Supported by the Priorities USA Foundation, a group of eight Florida young voters, the Florida League of Women Voters and the Andrew Goodman Foundation amended a lawsuit today challenging Florida’s early voting bill signed by Governor Ron DeSantis in late June. The bill was recently amended by the legislature to contain a parking requirement aimed at limiting the ability to use university and college campuses as early voting sites, effectively preventing young Floridians from exercising their right to vote.
In Florida early voting law, election officials can offer early voting at any location which has been approved for early voting – including civic centers, stadiums, and government-owned community centers. Previously, former Secretary of State Kenneth Detzner had interpreted this law to prohibit early voting on college or university campuses — therefore disenfranchising and burdening the right to vote for hundreds of thousands of eligible young Florida voters — particularly affecting college students.
The Priorities USA Foundation and its partners filed a suit challenging that interpretation in May 2018 and obtained a preliminary injunction in July 2018. In granting our motion, the court held that the State’s interpretation violated the Equal Protection Clause and the 26th Amendment, as it was intentionally discriminatory toward young peoples’ ability to vote. The court’s decision represents one of the few cases in which a court has articulated the standard for a claim under this Amendment. As a result of our 2018 court victory, early voting was permitted on Florida’s college and university campuses. Local elections officials worked quickly to open eleven brand new voting sites, where almost 60,000 voters cast ballots in the November 2018 election.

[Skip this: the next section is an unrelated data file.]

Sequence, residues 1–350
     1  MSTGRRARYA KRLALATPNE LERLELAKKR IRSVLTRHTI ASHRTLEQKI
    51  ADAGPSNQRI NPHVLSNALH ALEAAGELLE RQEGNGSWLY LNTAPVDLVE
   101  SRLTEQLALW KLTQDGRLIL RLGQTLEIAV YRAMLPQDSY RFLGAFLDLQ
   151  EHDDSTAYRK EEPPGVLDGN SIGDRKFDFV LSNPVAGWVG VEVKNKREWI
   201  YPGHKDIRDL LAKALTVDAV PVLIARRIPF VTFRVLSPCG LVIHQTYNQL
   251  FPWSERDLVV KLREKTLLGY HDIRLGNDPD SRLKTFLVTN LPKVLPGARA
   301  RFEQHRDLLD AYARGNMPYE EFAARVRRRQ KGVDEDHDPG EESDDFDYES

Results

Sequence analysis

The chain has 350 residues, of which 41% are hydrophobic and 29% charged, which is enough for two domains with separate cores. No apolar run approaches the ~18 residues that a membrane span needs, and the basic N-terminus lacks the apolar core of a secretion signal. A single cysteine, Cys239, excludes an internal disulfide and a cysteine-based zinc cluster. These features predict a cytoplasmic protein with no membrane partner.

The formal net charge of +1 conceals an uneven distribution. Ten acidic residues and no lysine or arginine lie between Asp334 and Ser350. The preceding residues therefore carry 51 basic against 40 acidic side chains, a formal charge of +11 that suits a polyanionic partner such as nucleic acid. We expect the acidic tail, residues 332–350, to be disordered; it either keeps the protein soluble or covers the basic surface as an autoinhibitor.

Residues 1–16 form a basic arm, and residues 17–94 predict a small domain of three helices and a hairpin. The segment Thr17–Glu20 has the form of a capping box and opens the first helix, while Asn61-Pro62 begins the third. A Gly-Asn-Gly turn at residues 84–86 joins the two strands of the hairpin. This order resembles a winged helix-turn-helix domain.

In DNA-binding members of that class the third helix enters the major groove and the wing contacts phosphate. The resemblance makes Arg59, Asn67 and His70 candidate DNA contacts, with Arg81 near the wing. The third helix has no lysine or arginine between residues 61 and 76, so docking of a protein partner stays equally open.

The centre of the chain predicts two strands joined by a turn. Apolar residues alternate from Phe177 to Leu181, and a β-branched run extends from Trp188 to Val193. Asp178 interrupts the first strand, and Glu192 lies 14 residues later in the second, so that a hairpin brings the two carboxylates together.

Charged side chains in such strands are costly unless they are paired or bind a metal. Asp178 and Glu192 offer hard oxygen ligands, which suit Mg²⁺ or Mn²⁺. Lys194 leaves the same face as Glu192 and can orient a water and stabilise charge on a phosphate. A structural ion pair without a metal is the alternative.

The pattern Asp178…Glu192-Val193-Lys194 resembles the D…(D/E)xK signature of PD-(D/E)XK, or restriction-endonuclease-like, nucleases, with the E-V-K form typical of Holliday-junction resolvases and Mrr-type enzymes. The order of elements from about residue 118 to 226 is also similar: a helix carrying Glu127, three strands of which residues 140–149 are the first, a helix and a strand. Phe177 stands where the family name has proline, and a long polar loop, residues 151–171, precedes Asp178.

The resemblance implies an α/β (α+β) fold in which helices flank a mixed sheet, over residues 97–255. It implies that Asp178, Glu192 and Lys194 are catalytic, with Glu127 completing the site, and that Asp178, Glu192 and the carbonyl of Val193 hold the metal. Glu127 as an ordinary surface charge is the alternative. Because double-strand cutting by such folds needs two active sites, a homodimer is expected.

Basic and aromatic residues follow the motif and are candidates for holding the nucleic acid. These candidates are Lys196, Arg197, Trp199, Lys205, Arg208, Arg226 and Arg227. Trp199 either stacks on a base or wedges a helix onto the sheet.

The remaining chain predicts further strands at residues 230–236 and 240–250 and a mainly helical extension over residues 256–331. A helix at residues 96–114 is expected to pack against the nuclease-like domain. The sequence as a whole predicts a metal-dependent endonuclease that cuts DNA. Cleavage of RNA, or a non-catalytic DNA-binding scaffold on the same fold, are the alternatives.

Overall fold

Now, however, the legislature’s newest amendment to the early vote statute will require early voting centers to provide “sufficient non-permitted parking to accommodate the anticipated amount of voters,” which will effectively make on-campus locations on colleges and universities unsuitable for early voting – once again preventing young voters from exercising their right to vote, and thus violating the 26th Amendment to the United States Constitution.
The plaintiffs in the amended lawsuit are the Florida League of Women Voters, the Andrew Goodman Foundation, and a group of eight young Floridians whose ability to cast a ballot will be hindered by this amendment.
“Once again, we stand ready to protect the civil right and duty of young Floridians to have an equal voice in every election,” said Guy Cecil, Chairman of the Priorities USA Foundation. “We believe that every American citizen should be able to cast a ballot without unnecessary and discriminatory burdens, and we are ready to fight to defend that right. Young Florida voters who are being kept away from the polls by this unconstitutional law deserve a fair opportunity to participate in our democratic process, and the Priorities USA Foundation is committed to helping them obtain it.”
The Priorities USA Foundation is committed to protecting the right to vote for every American. Over the past several years, the Priorities USA Foundation has sponsored and filed lawsuits in Iowa, Florida, Missouri, and New Hampshire fighting against repressive voting laws meant to restrict citizens’ right to vote without unconstitutional and unnecessary burdens.